Virtual Voices

Remembrance of former things

Faith & Inspiration

I wonder if my high school daughter knows what the yellow pages are. She's asleep right now, but I'll have to ask her.

I wonder if the little kids next door whose parents got rid of their landline know what a "dial tone" is. In a few years the term will be as strange to our ears as "daguerreotype" is now in the digital camera era.

They definitely don't know what a switchboard operator is, which the dial tone replaced in 1947. And nobody under about age 60 knows what a "party line" is, or at least the naughty thrill of eavesdropping on one.

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My 17-year-old was stunned when I proposed to her that the tykes coming into her old elementary school don't really know what "9/11" means-and that some of them will be complaining if the teacher mentions it in class: "Aw, do we have to study about that for the test?" I saw in her eyes the first ever experience that will be more regular later, of realizing that there is a generation over your shoulder that thinks of you as a dinosaur.

It happens very fast, the fading of one generation before another. "Sunrise, sunset / Sunrise, sunset / Swiftly flow the days," as Tevye sang in Fiddler on the Roof.

"There is no remembrance of former things, nor will there be any remembrance of later things yet to be among those who come after" (Ecclesiastes 1:11).

It makes me sad to read in the opening words of Exodus:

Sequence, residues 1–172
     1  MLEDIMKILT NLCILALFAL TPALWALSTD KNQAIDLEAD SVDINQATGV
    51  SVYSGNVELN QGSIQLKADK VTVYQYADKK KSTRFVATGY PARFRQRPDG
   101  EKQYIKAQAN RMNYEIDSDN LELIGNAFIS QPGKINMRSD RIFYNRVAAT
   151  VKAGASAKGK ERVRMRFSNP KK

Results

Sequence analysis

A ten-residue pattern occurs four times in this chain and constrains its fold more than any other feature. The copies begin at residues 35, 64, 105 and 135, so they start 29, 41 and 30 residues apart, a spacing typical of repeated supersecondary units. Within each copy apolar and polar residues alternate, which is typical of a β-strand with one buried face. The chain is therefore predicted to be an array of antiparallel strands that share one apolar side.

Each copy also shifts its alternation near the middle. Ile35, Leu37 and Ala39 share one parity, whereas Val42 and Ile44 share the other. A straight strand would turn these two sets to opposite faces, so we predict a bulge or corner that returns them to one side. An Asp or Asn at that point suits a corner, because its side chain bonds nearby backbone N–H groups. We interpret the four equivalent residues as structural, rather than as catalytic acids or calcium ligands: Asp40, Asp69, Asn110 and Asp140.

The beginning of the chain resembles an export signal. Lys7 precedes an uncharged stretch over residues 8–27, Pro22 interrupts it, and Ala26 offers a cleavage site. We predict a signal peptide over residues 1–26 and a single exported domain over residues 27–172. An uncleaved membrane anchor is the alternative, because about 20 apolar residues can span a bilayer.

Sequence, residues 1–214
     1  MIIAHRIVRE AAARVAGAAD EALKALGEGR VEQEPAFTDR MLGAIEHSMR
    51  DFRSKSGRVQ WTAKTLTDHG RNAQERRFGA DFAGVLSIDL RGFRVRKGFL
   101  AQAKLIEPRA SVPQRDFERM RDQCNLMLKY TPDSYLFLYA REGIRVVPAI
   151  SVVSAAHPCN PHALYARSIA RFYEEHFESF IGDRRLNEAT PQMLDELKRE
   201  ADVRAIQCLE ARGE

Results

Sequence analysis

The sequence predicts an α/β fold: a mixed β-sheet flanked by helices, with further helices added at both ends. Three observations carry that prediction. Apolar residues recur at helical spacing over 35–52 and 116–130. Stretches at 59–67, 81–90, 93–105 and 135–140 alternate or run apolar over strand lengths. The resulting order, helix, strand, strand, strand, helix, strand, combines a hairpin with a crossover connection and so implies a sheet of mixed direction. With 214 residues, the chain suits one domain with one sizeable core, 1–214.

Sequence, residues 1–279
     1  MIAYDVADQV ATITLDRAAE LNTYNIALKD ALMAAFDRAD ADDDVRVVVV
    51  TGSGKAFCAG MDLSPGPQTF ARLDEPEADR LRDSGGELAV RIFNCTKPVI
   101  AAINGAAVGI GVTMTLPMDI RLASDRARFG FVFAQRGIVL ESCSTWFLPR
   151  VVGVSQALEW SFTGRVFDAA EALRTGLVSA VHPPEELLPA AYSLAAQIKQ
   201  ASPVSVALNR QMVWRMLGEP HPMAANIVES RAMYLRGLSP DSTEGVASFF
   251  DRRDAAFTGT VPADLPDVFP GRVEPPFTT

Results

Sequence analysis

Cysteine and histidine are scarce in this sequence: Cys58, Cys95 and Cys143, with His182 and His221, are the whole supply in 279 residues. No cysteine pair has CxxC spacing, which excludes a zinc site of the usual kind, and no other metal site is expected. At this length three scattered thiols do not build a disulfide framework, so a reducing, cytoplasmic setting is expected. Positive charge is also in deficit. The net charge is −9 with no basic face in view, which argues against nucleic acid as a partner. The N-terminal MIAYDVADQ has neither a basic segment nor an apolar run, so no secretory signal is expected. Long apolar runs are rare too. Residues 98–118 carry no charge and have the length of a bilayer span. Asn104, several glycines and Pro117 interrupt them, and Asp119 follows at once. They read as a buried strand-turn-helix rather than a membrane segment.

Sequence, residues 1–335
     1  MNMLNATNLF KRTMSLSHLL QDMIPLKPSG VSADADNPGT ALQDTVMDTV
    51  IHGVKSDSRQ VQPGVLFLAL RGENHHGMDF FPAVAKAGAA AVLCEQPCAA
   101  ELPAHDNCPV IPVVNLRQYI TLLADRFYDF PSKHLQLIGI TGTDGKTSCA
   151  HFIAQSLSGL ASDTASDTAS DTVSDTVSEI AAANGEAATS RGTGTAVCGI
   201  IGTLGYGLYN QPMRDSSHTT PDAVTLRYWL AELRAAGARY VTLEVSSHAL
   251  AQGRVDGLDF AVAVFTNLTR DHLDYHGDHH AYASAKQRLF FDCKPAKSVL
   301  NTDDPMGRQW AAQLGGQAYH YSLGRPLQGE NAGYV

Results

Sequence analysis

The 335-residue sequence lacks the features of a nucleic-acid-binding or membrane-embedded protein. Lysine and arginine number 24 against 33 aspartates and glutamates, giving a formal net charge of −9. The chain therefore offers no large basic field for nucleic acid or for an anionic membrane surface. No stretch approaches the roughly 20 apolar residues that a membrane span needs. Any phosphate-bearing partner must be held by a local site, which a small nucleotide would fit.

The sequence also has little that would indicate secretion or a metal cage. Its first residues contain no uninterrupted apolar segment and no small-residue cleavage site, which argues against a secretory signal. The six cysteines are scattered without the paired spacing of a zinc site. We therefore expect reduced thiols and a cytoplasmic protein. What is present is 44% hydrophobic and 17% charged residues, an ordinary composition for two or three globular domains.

"Now there arose a new king over Egypt, who did not know Joseph" (1:8).

Having just read through Genesis, and having my soul full of the drama and pain and glory of God in the story of Joseph and the other characters, it hurts to imagine a generation arising who say, "Who's Joseph?" or "Jacob who?" or "What famine?"

From one point of view, the whole of Bible history is about memory. We slip away from God because we forget what He has done in the past. (That includes our own personal past.) After all the hard-won gains of Moses and his successor Joshua, the tribes fall into complacency and worse for the next 200 years, which you can read all about in Judges. The Psalmist attributes all our defeats and moribund living to forgetfulness:

"They did not remember his power, or when he redeemed them from the foe" (Psalm 78:42).
Andrée Seu
Andrée Seu

Andrée is the author of three books: Won't Let You Go Unless You Bless Me, Normal Kingdom Business, and We Shall Have Spring Again. Follow Andrée on Twitter @Andreespeterson.

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